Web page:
Tyler Meyer (Tom Baker Cancer Centre)
Introduction: Brachytherapy is a form of radiotherapy involving the precise positioning of radioactive sources near the tissue to be treated. It is often an invasive technique requiring a sterile surgical environment and a multi-disciplinary team of professionals working together to perform the complex procedure. Education and training, however, often does not take the required precision or complexity and team-oriented aspects of the technique into account. Typical training for a new site implementing a technique is limited and often includes a site visit for some members of the commissioning team to observe the procedure. For a brachytherapy team, many aspects of the technique are only performed during their first patient. Furthermore, there has been a demonstrated learning curve for brachytherapy techniques where published data has shown implant quality is improved with the experience of the treatment team. Simulation has been shown to be an effective training method and recent technological development has allowed simulation to become practical for many medical procedures. It allows the entire treatment team to perform end to end testing with local equipment in the relevant environment. It also provides the opportunity to quantitatively assess procedure outcomes in ways that may not even be possible for patients and demonstrate the capability of the team to deliver a safe and effective treatment before the first patient. We have developed anthropomorphic gelatin phantoms incorporating treatment volumes visible on appropriate medical imaging for brachytherapy simulation. These have been applied to LDR and HDR prostate treatments, HDR gynecological and LDR breast treatments. The most comprehensive simulations were for the commissioning of the LDR breast partial breast seed implant (PBSI) technique. Phantoms were used to deliver mock implants as a process improvement initiative, resulting in a number of changes in technique as well as equipment development and implant results were quantitatively assessed. Methodology: Multi-material anthropomorphic phantoms were made from ballistic gels with imbedded target volumes. The phantom materials were chosen to demonstrate contrast on ultrasound and CT images for treatment planning and image guidance during the procedures. The speed of sound in the gels was verified to result in appropriate distance measurements on the ultrasound images. The gels were formed using molds generated from CT contours for patient specific simulations or from simple shapes and generic representative anatomy for training or commissioning phantoms. 11 breast phantoms were constructed for PBSI commissioning and simulation. These were used for a variety of purposes including full end to end testing. End to end testing followed the clinical procedure from acquisition of the planning images, development of the treatment plan, markup on the phantom and full delivery simulation with the entire treatment team. Post-implant CT images were acquired following the mock implant and registered to the planning image in order to assess delivery accuracy in reference to the treatment plan. Results: Phantom simulation was effectively used for commissioning measurements and to validate end to end testing in variety of brachytherapy developments including HDR and LDR prostate, interstitial gynecological and LDR breast techniques. Process improvement recommendations during mock PBSI implants resulted in multiple procedure modifications. This included the introduction of a markup procedure to place surface marks on the patient using 1-1 scale treatment plan printouts to fabricate anatomical plastic cutouts. This method enhanced the ease, accuracy and speed of defining the insertion point of the fiducial needle on the implant plane. An initial systematic error of 5mm was identified when the plastic plug holding the stylet at the proper location in the needle was removed due to a retraction as it was removed. Once recognized, this error was compensated for by advancing the stylet until the seed train was felt again before delivering. Delivering in this manner no longer showed the systematic error in depth. Fiducial entry point positioning improved from 5mm to 2mm and fiducial angle error decreased by 6.4 degrees from the initial simulation to the last. Seed placement errors occurred in anterior-posterior, depth and lateral displacements and improved consecutively as simulations were done. Observations in translucent phantoms indicated needle angulations and translations which appeared to be related to bevel position during insertion. When re-insertion was done accounting for this error, accuracy improved. Conclusion: Phantom simulation is an effective tool for commissioning a new brachytherapy technique. It can be used for training and education of the entire treatment team in the clinical environment and serves as an end to end test of the technique when post-implant analysis of the implant accuracy is performed. PBSI simulations showed systematic seed delivery errors which were shown to be corrected with procedural changes in successive simulations. Phantom simulation improved practitioner comfort as well as improved the speed and accuracy of the implant procedure.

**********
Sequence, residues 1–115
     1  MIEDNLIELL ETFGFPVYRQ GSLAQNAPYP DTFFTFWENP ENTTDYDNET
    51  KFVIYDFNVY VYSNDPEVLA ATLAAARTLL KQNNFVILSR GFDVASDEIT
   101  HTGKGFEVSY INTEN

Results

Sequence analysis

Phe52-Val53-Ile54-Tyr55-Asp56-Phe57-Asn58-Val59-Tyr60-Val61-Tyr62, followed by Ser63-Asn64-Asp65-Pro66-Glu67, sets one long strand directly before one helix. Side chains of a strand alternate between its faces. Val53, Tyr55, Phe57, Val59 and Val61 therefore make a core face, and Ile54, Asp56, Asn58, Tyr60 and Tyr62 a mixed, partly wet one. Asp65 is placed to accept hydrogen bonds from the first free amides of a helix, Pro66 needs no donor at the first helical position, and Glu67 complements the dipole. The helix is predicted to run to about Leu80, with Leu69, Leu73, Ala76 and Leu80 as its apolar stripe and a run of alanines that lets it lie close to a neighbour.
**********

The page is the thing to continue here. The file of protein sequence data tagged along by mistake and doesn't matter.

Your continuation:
|Institution||Tom Baker Cancer Centre|
Michael Roumeliotis (Tom Baker Cancer Centre) Tyler Meyer (Tom Baker Cancer Centre)
Eduardo Villarreal-Barajas (Tom Baker Cancer Centre) Elizabeth Watt (Tom Baker Cancer Centre) Karen Long (Tom Baker Cancer Centre)